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Sunday, July 8, 2012

New Zealand Police Investigated over MegaUpload’s Founder Arrest

The country is currently conducting a judicial review as to how its police ended up carrying out a bizarre unauthorized raid on Kim Dotcom, the cyberlocker’s owner. The officers who carried out the police raids on Dotcom’s house will have to take the stand in order to give evidence for the judicial review.

So far it is known that the warrants were issued on behalf of the Federal Bureau of Investigation, which in its turn was acting as enforcer for the US entertainment industry. However, the warrants were ruled illegal last week by High Court judge. The latter also claimed that it was against the law to take the copies of Kim’s personal computer to the United States.

According to the local media, Kim Dotcom requires an independent lawyer to pass through the seized evidence and give all irrelevant content back to him. The authorities of the United States have charged Kim Dotcom and three of his colleagues in the United States with numerous copyright offences and are currently trying to extradite him. Meanwhile, Dotcom’s lawyers want an independent lawyer to be appointed by the court to go through the evidence and decide which of its part is important.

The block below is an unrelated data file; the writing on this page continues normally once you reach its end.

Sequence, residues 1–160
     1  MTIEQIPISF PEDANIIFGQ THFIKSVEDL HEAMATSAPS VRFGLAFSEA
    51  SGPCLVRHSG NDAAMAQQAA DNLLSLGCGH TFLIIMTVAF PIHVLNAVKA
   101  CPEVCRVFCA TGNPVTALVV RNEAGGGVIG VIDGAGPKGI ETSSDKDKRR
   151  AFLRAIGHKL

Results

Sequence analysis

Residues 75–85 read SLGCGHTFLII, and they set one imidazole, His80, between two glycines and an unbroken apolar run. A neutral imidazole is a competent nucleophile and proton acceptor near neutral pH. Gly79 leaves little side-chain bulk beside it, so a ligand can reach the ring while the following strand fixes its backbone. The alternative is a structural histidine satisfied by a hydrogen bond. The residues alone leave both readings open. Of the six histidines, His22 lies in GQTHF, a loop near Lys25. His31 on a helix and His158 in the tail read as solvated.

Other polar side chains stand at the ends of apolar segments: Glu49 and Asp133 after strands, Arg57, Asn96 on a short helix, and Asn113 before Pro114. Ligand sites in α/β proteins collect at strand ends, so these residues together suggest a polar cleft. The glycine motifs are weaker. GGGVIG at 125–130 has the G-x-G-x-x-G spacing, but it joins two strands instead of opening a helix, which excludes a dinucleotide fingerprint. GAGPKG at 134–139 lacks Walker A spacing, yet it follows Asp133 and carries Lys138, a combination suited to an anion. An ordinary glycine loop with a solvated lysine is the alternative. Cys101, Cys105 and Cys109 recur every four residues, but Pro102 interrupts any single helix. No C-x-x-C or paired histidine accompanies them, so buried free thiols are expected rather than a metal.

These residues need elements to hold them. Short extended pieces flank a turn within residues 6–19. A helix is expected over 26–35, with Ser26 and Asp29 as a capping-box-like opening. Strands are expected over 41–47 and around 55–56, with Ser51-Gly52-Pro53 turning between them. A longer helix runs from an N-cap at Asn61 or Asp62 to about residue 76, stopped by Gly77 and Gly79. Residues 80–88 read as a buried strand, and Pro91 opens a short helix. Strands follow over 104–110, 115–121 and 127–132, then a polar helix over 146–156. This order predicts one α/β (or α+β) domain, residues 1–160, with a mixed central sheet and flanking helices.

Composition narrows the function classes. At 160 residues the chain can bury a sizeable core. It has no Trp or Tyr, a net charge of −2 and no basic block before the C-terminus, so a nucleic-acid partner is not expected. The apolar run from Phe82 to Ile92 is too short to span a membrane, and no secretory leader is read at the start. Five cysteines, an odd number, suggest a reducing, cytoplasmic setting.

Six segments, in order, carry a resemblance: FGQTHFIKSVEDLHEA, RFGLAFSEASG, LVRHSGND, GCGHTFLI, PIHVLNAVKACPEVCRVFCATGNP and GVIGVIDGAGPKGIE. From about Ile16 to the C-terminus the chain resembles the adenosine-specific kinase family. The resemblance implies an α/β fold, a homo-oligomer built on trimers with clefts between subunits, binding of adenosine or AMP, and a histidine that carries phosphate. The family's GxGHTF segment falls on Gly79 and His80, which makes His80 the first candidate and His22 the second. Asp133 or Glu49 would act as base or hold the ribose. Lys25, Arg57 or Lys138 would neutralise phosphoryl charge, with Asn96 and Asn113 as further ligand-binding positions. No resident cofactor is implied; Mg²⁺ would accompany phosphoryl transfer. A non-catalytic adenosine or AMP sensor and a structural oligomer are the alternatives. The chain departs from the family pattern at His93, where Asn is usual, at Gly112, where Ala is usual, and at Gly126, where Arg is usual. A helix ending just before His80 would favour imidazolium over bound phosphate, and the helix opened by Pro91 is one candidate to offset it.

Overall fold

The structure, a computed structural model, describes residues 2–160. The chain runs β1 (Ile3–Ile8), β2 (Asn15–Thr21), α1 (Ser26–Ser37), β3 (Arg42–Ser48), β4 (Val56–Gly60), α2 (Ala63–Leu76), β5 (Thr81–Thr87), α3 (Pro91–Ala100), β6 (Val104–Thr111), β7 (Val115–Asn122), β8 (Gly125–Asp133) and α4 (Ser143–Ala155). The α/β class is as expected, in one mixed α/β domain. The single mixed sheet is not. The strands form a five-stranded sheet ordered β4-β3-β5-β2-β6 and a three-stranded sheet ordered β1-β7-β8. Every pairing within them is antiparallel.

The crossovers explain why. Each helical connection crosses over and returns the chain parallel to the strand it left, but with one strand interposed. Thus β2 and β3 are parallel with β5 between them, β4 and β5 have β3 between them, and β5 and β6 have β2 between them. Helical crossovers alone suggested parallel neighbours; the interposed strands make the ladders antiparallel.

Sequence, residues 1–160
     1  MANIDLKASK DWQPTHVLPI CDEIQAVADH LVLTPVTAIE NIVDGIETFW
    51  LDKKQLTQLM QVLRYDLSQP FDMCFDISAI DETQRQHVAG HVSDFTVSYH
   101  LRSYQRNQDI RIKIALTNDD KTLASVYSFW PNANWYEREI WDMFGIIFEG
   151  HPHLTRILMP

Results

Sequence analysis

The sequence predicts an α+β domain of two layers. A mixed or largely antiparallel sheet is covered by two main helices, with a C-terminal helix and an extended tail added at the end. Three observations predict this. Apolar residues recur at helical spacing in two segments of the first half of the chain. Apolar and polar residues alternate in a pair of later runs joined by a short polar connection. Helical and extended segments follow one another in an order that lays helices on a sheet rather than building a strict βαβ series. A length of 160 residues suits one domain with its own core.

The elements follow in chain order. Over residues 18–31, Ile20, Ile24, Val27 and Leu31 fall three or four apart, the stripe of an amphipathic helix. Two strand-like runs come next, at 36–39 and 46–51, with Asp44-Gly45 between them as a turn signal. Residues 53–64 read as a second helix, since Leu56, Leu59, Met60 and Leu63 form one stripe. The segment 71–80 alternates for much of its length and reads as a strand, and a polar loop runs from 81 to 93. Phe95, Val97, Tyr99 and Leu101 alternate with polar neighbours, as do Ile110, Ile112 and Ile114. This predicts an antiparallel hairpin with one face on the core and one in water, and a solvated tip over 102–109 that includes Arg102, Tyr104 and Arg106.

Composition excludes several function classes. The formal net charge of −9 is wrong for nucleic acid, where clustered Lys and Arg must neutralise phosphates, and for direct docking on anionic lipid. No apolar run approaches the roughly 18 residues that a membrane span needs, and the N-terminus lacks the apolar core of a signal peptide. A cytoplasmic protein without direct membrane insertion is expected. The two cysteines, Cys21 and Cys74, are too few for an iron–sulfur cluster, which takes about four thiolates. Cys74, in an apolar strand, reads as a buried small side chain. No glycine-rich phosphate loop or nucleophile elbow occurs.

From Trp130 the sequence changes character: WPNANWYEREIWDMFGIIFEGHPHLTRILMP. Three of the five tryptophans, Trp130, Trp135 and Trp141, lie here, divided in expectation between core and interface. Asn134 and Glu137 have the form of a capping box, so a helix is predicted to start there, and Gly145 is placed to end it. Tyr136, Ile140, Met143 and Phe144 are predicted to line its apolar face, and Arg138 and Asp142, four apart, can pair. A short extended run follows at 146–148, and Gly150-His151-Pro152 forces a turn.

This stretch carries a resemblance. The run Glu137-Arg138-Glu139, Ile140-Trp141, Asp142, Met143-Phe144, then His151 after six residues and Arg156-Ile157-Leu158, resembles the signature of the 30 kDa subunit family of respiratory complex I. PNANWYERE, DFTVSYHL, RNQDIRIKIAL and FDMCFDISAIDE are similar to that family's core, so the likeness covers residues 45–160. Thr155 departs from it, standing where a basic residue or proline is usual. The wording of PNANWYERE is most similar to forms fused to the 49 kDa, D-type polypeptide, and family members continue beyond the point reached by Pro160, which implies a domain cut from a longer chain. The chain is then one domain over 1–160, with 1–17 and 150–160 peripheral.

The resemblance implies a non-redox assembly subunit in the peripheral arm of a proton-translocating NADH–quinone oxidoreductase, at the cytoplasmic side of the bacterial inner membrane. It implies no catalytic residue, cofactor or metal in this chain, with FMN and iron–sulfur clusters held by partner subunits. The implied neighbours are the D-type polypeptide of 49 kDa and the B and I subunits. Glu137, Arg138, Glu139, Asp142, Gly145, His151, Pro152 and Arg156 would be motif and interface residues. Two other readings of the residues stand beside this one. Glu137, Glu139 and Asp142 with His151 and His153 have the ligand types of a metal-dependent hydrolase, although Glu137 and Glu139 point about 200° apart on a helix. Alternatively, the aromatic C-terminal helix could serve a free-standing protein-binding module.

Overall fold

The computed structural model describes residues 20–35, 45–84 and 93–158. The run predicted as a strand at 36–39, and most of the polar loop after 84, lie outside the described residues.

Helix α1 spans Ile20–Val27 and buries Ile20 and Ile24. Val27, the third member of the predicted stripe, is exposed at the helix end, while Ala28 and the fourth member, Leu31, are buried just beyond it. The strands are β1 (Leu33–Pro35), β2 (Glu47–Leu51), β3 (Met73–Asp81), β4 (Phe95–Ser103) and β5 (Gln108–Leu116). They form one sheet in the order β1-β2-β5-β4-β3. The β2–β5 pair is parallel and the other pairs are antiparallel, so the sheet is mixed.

Crown lawyer John Pike, appearing for the Attorney General, agreed that sorting the mess out wasn’t simple, with part of the problem being that the Crown was working for a foreign government.

The US is worried that allowing for an independent barrister it would give him “disproportionate authority”. It means that they fear he won’t let them have evidence which they really need to make a case against the MegaUpload founder.

The important part of the problem is that this case is “breaking new ground” in extradition legislation in the country. First of all, the judicial review of the search warrants’ legality is an entirely new feature of an extradition case. Secondly, another decision by a district court judge to allow disclosure to Kim Dotcom meant that the suspects suddenly have more rights now: at least, they can hear what evidence the authorities have against them to ruin their life.

Of course, the Feds are appealing this point – they believe that such governments as New Zealand’s one must turn over any person the US names as a suspect to face a kangaroo court in the United States without presenting any evidence.

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